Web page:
Cooperation Between the U.S. and Kazakhstan Against the Threat of Weapons of Mass DestructionRobert G. Joseph,
Under Secretary for Arms Control and International Security
Remarks at Ulba Blend Down Ceremony
Ust Kamenogorsk, Kazakhstan
October 8, 2005
Good Afternoon Mr. President. It is a pleasure to be in Kazakhstan and experience the warm hospitality of your great country. Minister Tokayev, Minister Shkolnik, Senator Nunn, Mr. Turner, distinguished guests. I am pleased to be with you today to commemorate another landmark in cooperation between the United States and Kazakhstan against the threat of weapons of mass destruction.
It is my particular privilege to present to you, Mr. President, a letter from President Bush, which underscores the importance he places on our continuing work together. Allow me to read that letter:
Dear Mr. President:
I send greetings to you and those gathered in Ust-Kamenogorsk to mark Kazakhstan’s continued success in converting nuclear material to peaceful and productive uses.
Kazakhstan has been a leader in countering the threat of weapons of mass destruction. With help from the Nunn-Lugar program, Kazakhstan has eliminated the weapons of mass destruction and related infrastructure inherited from the Soviet Union.
More remains to be done, and I look forward to continuing our two nations’ cooperation to eliminate trafficking in weapons of mass destruction.
George W. Bush
The new downblending facility, which we saw today, is turning fuel that was to be used to breed weapons-grade plutonium, into low-enriched uranium to produce electric power. It is especially fitting that this same facility was the site of one of our greatest joint accomplishments: Project Sapphire -- the removal of over one-half-ton of highly-enriched uranium to make it available only for peaceful nuclear fuel, and not for the deadly purposes of terrorists or those who support them.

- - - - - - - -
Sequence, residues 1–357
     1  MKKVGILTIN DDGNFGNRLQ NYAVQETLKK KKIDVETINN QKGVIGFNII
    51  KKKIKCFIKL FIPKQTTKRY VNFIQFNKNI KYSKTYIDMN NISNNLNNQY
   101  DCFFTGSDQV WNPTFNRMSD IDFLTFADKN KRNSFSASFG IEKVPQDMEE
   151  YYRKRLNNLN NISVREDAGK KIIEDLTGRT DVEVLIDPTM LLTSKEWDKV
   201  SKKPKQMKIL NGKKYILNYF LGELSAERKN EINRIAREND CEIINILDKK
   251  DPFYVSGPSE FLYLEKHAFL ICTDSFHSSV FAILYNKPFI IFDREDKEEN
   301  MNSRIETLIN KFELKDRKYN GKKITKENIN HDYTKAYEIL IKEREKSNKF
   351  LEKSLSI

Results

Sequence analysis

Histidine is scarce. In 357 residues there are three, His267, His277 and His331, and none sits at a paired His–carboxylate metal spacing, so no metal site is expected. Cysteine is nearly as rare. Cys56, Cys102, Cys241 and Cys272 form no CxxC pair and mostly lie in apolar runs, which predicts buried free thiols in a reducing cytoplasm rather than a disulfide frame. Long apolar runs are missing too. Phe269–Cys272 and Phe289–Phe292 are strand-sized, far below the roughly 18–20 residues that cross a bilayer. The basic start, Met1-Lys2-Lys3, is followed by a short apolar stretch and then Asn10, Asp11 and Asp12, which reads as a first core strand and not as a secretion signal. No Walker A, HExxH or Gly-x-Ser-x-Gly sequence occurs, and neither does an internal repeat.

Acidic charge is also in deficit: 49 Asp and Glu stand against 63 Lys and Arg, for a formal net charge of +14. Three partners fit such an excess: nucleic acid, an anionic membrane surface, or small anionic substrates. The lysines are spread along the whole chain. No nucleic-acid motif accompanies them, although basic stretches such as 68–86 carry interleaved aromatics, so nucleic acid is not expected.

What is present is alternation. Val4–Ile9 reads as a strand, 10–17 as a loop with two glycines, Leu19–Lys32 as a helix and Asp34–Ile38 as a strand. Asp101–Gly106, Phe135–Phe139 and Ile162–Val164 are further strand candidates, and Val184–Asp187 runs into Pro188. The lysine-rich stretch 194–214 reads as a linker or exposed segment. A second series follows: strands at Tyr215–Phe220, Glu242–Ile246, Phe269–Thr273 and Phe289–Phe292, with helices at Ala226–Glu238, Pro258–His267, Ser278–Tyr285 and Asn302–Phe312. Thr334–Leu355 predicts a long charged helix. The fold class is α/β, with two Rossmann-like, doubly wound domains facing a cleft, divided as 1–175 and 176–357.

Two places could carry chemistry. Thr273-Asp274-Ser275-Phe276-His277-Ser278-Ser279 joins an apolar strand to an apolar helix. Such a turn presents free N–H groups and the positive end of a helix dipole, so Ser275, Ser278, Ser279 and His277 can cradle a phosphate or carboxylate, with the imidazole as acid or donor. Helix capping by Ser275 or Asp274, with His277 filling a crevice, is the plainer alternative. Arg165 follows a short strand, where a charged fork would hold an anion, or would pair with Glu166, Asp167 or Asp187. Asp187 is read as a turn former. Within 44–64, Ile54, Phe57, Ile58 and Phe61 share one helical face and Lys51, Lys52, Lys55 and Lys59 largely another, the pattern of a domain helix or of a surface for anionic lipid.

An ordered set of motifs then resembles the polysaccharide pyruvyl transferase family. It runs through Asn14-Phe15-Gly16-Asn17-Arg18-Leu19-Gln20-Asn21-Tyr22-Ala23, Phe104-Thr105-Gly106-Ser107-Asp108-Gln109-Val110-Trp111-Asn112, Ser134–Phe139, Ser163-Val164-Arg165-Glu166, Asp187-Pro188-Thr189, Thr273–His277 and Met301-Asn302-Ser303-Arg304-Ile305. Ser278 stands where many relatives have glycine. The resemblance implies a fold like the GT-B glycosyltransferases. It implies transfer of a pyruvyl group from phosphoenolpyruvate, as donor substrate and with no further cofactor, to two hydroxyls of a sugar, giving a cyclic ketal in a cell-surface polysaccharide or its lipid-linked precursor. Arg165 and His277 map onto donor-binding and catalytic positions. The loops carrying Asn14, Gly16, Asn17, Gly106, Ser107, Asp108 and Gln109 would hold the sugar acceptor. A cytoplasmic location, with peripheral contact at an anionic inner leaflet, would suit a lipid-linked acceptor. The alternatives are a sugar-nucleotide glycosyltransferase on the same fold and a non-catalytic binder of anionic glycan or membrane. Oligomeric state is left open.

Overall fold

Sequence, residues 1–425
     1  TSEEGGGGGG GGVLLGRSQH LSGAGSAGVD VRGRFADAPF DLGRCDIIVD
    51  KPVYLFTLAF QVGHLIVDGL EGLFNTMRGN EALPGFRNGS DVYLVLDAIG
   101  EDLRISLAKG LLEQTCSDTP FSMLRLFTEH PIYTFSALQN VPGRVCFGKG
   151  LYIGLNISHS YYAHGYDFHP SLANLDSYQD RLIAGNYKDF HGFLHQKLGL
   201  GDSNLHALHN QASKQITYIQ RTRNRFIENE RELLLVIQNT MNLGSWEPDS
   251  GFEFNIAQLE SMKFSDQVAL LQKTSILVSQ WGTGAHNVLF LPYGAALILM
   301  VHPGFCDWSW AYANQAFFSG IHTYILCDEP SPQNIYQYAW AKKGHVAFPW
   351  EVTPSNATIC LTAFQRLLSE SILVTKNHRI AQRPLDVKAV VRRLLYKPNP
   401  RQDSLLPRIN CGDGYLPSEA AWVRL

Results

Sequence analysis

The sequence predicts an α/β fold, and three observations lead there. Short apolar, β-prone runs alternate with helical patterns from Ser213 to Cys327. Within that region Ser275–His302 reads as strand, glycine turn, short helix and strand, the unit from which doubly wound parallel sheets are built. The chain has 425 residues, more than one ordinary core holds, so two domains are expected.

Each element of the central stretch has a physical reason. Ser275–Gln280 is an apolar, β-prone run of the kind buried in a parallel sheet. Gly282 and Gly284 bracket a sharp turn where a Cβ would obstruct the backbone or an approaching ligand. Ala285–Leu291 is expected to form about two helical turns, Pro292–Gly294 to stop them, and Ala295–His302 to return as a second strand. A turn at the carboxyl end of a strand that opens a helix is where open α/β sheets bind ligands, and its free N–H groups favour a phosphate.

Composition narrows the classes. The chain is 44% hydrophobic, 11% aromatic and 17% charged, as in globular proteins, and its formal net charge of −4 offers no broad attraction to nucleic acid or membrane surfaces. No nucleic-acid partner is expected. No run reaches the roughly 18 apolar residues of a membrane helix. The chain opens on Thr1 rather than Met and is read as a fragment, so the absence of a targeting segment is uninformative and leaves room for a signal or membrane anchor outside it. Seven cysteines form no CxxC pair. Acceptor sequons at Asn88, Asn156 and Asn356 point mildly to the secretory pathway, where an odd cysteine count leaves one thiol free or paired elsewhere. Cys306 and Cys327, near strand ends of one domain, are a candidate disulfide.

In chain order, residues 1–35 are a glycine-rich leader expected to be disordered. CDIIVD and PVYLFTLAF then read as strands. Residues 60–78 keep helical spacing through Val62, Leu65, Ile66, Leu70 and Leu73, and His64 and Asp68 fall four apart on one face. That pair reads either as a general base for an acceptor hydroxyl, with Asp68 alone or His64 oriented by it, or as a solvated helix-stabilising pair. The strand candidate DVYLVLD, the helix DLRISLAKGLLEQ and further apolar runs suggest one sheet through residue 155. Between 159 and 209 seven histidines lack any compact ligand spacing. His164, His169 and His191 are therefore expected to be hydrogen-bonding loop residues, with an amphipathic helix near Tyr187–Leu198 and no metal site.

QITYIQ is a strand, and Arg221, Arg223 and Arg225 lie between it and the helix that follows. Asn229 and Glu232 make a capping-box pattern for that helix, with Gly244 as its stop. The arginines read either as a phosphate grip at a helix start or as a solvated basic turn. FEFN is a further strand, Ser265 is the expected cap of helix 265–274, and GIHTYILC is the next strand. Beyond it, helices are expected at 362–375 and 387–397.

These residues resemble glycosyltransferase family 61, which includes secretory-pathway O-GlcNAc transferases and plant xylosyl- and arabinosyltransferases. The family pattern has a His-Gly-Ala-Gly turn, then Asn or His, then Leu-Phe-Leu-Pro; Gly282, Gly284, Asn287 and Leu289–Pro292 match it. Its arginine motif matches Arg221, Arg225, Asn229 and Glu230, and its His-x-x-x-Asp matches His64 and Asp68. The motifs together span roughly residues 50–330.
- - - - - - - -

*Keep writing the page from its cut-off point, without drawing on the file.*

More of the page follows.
Mr. President, you and your government demonstrated from the earliest days of independent Kazakhstan that your real strength would come not from retaining deadly arsenals, but from cooperating with the world community to reduce and counter such threats.
Mr. President, you have ended the weapons legacy which you inherited from the Soviet Union. This is an important accomplishment for which we pause today to acknowledge. As we complete that work, we should seize the opportunity to cooperate more broadly against global proliferation. By transforming the facilities and expertise in your country, which once were used for weapons, you set the example for others of how to effectively transform weapons for peaceful purposes.
There is far more that we can and should do together – bilaterally, with regional partners, and with the broader international community. I applaud Kazakhstan’s endorsement of the Proliferation Security Initiative, which is one tool in ending the trafficking of weapons of mass destruction. I look forward to ever closer cooperation to reduce and end the traffic in weapons of mass destruction related materials and equipment, and their means of delivery. Our cooperation of the last 12 years is a solid basis on which to build future counterproliferation efforts. The future of our strong partnership has never been brighter.